Symptoms of cerebellar tonsilar ectopia have to do with cerebellar and brainstem compression, compromise of cerebrospinal fluid flow and increased intracranial pressure. They include persistent headache, neck pain, paresthesia, muscle weakness, ataxia, downbeat nystagmus, short term memory loss, dizziness, breathing difficulty, cardiac irregularities, dysphagia, tinnitus and other inner ear conditions, progressive spasticity including fibrillations and fasciculations. The headache is similar to a tension headache, may be described as circumferential compression and/or suboccipital deep tension. I have also experienced stabbing headaches all around my head (most often periorbitally) which feel like a fork being twisted in my skull, with increasing frequency and severity over time. Photopsia (the presence of perceived flashes of light) may also be present and should not be confused with the prodrome of classic migraine headaches. Absence of the gag reflex is the most common physical indicator of lower cranial nerve involvement. Extreme fatigue may be present and related to sleep apnea associated with this condition4. Cerebellar tonsilar ectopia can present with a wide range of symptoms, and should be included in differential diagnosis with fibromyalgia, migraine headache, lyme disease, multiple sclerosis and other similar conditions.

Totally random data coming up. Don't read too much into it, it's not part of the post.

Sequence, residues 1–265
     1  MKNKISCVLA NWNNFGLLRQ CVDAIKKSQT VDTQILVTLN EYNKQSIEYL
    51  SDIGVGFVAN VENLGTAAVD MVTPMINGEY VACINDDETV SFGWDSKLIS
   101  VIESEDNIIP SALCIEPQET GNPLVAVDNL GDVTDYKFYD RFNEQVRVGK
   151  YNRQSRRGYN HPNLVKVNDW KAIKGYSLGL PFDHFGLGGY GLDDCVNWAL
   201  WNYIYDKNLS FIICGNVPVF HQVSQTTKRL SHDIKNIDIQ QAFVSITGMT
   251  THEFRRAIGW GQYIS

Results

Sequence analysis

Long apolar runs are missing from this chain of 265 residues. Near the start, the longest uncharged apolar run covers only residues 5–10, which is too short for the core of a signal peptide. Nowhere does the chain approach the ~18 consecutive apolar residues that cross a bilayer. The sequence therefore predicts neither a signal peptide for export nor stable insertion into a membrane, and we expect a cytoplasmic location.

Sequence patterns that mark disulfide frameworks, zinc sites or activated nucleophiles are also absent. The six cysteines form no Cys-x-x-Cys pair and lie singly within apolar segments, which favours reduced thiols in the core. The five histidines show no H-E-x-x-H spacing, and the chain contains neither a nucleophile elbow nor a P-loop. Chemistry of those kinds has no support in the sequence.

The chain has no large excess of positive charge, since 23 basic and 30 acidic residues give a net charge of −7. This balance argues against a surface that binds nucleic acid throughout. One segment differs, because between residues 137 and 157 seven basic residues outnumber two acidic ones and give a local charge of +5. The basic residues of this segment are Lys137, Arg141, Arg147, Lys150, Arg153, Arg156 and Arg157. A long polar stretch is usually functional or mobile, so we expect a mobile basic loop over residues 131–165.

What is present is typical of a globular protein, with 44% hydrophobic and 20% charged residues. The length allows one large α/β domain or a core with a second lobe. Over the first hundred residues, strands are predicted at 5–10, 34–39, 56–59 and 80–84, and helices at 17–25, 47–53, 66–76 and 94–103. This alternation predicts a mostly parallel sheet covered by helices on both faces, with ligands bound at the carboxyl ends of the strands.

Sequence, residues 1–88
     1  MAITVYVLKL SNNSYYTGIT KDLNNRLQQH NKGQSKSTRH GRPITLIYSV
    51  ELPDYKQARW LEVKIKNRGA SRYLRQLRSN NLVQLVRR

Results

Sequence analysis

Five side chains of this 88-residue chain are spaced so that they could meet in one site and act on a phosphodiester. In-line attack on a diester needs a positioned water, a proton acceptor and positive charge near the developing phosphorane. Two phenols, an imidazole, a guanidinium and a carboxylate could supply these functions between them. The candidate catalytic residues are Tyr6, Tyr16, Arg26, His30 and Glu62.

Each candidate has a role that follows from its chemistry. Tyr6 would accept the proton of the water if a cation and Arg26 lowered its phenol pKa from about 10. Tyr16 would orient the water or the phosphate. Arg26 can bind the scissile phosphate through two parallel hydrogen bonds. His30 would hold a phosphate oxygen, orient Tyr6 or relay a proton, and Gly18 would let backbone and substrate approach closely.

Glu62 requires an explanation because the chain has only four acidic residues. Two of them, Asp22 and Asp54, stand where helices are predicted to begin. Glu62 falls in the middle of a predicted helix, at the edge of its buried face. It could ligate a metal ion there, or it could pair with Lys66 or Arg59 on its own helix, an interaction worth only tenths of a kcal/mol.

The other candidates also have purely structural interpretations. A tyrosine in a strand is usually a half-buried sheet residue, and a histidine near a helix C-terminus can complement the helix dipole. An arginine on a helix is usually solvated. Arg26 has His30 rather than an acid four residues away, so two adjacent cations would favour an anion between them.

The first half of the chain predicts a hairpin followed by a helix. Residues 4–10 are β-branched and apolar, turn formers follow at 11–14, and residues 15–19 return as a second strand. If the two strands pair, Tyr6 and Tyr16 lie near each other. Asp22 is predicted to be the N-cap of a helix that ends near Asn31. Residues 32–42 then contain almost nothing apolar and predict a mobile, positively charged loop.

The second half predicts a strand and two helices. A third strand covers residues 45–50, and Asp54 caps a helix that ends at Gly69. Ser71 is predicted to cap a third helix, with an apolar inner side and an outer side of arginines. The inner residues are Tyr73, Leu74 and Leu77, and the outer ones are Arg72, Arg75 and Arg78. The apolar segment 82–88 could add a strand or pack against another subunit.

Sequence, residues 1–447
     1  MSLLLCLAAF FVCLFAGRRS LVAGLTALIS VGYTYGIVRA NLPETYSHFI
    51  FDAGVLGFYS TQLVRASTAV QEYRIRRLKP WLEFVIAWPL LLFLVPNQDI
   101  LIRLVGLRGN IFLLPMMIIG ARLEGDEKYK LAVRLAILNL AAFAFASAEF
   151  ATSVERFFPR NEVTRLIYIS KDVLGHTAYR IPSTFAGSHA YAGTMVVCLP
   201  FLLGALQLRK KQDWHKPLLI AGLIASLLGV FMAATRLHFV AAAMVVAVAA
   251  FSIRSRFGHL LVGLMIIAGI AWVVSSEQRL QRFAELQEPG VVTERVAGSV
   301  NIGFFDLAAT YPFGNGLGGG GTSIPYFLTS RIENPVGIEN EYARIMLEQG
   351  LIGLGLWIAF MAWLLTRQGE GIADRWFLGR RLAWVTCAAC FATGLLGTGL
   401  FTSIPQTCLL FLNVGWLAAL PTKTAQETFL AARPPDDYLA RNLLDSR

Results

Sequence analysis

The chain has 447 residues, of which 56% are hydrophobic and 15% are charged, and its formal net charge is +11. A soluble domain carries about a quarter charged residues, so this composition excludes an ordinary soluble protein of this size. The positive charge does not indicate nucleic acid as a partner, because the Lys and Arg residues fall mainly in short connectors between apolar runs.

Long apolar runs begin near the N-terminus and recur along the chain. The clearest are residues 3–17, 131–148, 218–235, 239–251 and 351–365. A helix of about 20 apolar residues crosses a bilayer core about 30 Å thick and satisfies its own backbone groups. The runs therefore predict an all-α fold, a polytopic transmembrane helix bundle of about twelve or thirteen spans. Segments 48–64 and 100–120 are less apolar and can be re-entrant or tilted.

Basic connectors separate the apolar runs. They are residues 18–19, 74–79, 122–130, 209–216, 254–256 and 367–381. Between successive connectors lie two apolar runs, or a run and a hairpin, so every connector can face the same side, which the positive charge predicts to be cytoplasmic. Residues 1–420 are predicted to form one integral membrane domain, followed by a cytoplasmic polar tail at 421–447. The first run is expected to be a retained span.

Treatment published in the literature is largely neurosurgical, where the most common surgeries are 1) remove part of the back of the occiput and laminectomy of C1, C2 and maybe C3, or 2) cut of the part of the brain which is herniated. The purpose is to restore CSF flow and decompress the area, preventing the development of a syrinx in the spinal cord. Non-surgical treatment is largely pharmacological and prescribed to alleviate the neuropathic pain (allodynia and hyperalgesia); drugs may include anticonvulsants and opiates, and there is little evidence for their efficacy with this type of pain4. Fernandez et al report some improvement with cerebellar re-education therapies, speech therapy, physical therapies for musculoskeletal function, and even osteopathic craniosacral therapy. They report craniosacral therapy to improve CSF flow and lower intracranial pressure. Personally I have been getting craniosacral therapy almost daily, as well as very light force upper cervical adjustments (similar to adjustment of an infant). It has been about 4 weeks, and it helps some…in the beginning I felt better for an hour or so and now adjustments are holding about 24 hours. I have been advised to give it 6 months of intensive work to see maximal change. As someone who has never had so much as a Tylenol in her life, I am extremely hesitant to undergo neurosurgery. I urge you to work with anyone with this condition conservatively first, with baby adjustments and craniosacral therapy. And write up case studies! The literature is sparse on any treatment other than surgery for this condition, and as chiropractors we may be able to help. I certainly look forward to the coming months, where I hope to find resolution to this condition through chiropractic care.